translate culture-loaded tourism texts, which could make the translated text optimally relevant to the cognition and
background knowledge of the foreign readers.
C. Gloss Translation
Gloss translation is designed to permit the reader to identify himself as fully as possible with a person in the source
language context, and to understand as much as he can of the custom, manner of thought and means of expression
(Venuti, 2000), in which the meaning of the text in its original language is explained, sometimes in another language. As
such, glosses can vary in thoroughness and complexity, from simple marginal notations of words one reader found
difficult or obscure, to entire interlinear translations of the original text and cross references to similar passages.
In tourism text translating process, the translators intend to convey certain cultural message, which is actively helping
the readers to recognize the translated texts. However, either the above mentioned domestication or foreignization can
hardly make such message conveyed successfully and optimally, if the understanding of the message only depends on
the knowledge of English alone. The writer of the original text was concerned for the text to be optimally relevant to the
context shared by the native speakers of the language and himself, while he/she would not be concerned with the
possible foreign readers whose context might not be optimally relevant. Hence, it is the translators task to make the
translated text be optimally relevant in the target context. The translation which best satisfies the readers expectation of
relevance would be chosen by readers while they are decoding the information mentioned in the translated tourism text.
Obviously, contextual effects do not come free and cost some mental effort to derive. The greater the effort the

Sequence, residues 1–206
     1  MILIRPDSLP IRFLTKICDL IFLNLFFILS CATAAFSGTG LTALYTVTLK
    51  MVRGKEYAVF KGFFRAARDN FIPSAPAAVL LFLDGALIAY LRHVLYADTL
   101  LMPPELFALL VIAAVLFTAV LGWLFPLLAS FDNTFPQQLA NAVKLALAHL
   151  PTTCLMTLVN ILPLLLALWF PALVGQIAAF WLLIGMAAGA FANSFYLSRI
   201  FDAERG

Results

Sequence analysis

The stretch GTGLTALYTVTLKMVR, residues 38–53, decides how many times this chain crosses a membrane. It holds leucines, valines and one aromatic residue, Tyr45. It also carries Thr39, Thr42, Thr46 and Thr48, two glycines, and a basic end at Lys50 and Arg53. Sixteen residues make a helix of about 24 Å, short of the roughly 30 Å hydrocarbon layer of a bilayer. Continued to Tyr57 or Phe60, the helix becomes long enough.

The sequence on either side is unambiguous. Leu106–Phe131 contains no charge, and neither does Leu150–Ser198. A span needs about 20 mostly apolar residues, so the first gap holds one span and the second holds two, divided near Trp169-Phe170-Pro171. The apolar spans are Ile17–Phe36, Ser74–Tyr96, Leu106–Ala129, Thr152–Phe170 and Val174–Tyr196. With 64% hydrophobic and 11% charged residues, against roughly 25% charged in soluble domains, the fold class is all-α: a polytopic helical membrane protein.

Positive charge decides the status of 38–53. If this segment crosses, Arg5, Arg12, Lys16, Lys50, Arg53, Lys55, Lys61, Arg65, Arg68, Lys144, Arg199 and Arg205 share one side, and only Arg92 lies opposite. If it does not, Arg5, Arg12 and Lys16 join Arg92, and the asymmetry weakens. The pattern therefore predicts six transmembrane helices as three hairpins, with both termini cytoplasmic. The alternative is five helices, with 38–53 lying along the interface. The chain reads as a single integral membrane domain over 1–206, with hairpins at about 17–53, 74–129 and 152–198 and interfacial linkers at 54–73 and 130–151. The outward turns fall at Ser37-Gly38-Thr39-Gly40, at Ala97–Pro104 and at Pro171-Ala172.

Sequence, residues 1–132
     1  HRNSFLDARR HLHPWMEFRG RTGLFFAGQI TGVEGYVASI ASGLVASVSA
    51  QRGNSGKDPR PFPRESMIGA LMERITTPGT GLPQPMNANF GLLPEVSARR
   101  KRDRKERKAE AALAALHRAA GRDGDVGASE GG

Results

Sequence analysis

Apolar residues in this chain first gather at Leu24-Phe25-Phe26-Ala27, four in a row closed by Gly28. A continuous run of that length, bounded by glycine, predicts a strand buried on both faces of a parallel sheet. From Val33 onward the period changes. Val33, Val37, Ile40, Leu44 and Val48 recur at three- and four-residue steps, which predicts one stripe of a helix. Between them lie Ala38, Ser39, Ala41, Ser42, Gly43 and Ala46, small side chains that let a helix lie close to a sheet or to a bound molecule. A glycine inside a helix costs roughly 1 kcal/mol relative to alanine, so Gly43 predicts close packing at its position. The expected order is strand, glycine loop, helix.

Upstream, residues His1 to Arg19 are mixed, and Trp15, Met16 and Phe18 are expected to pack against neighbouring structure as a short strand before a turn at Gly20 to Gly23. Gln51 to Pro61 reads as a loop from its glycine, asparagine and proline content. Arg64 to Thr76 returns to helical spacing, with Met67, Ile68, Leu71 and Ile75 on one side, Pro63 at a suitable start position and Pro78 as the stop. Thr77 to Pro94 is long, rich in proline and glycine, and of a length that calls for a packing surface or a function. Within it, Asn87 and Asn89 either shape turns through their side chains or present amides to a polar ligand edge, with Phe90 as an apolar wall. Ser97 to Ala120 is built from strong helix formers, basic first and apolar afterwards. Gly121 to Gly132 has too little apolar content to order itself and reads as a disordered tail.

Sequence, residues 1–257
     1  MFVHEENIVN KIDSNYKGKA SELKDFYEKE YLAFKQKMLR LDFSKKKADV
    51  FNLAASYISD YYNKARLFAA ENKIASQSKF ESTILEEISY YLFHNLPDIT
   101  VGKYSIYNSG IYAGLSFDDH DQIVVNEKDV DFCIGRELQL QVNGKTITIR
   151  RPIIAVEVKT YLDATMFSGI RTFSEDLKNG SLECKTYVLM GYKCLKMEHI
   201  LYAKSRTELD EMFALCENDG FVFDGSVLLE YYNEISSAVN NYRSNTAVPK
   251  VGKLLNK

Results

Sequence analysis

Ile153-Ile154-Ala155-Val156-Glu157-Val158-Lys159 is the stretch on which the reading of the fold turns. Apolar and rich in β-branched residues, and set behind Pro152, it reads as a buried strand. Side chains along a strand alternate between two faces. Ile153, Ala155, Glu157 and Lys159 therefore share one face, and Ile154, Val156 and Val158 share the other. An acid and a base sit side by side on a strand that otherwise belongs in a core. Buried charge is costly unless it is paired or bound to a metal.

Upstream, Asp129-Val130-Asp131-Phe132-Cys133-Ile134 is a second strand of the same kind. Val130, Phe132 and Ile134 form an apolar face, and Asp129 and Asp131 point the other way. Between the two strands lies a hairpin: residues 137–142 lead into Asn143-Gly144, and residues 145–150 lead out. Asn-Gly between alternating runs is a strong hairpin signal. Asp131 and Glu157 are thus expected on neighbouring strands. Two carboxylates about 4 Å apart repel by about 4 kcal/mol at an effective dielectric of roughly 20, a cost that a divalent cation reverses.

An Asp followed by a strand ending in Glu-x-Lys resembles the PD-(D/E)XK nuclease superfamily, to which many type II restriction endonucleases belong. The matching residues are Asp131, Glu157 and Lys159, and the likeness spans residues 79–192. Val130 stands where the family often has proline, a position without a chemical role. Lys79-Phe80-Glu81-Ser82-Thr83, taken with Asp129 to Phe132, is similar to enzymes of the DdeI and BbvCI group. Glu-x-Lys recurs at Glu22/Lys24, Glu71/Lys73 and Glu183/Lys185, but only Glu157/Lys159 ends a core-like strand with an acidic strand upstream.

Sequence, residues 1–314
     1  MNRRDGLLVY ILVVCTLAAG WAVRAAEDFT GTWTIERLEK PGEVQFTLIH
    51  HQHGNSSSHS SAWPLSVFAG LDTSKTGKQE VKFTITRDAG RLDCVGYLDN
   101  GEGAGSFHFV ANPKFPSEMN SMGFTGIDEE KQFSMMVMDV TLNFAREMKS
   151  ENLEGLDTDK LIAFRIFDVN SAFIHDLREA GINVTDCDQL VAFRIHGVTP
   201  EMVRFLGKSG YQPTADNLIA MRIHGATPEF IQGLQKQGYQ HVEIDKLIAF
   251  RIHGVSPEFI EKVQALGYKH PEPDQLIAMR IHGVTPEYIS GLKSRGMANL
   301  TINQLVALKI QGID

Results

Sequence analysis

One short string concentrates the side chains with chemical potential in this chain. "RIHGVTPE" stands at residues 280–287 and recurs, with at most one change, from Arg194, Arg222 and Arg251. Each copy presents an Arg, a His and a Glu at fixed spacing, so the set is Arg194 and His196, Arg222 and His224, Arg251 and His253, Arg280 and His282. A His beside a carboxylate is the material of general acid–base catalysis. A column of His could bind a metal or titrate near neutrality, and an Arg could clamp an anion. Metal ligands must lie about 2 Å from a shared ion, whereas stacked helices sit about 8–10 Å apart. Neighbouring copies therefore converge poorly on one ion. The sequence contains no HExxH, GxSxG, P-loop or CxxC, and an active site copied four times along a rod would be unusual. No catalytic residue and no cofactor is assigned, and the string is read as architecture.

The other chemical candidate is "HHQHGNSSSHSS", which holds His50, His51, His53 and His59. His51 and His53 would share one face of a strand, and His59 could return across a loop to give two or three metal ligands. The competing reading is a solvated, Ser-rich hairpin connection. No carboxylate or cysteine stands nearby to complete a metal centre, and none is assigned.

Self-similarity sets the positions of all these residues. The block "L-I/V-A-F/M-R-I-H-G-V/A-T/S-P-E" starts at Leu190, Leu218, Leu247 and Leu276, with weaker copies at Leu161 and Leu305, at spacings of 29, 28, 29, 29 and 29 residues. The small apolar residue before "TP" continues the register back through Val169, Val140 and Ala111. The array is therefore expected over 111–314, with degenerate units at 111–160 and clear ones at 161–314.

translators make, the higher the relevance will be. From the relevance-theory point of view, transliteration with internal
gloss can guide the readers in their search for optimal relevance in understanding culture-loaded texts. The core relation
between the translation and the original is one of interpretive resemblance, which is also defined as the sharing of
implicatures and implicatures between the two texts. It is the readers responsibility to familiarize himself with the
THEORY AND PRACTICE IN LANGUAGE STUDIES 79
2013 ACADEMY PUBLISHER
historical and cultural background of the text to ensure correct understanding. Through gloss translation, especially
transliteration with internal gloss, the translator intervenes and provides various explanatory notes to the text to help the
readers overcome the problem caused by the different social and cultural background knowledge in different nations or
different communities.
For the translation of some culture-loaded information, gloss translation is a good method to achieve the
manifestation and optical relevance by building new assumptions in the light of the contextual effects. Contextual effect,
one of the two main factors of relevance theory controls the degree of relevance. It is the production of the interplay of
the old message and the new message: the new message combines with the current contextual assumptions can produce
new contextual implication; the new message strengthens existing contextual assumptions; the new message contradicts
current contextual assumptions and eliminates the current contextual assumptions.
China is famous for its long history and beautiful scenery, with a lot of spots impressive and attractive. The
translation of these spots is worth discussion. According to Hermans (1999), translation can and should be recognized as
a social phenomenon, a cultural practice. Difference between cultures cause more complications for translators that the
language structure itself does. The tourism texts with cultural-specific expressions are difficult to translate because they
are deeply rooted in the culture and values associated with the source language. In the process of translating the Chinese
tourism text into English, the translated text with corresponding gloss can be considered as the new message, while
information in foreigners cognitive environment is the old message. So the translator should make his/her translation
yield greater contextual effects by making fewer processing efforts. Successful translations are to create similar or
identical contextual effect for foreign readers in order to make the foreign readers understand the communicative
intention of the original tourism text. The following are the 2 versions of translation of a sentence from the introduction
of Imperial City, Beijing:
A: The Imperial City is a section of the city of Beijing in the Ming and Qing dynasties, and was surrounded by a wall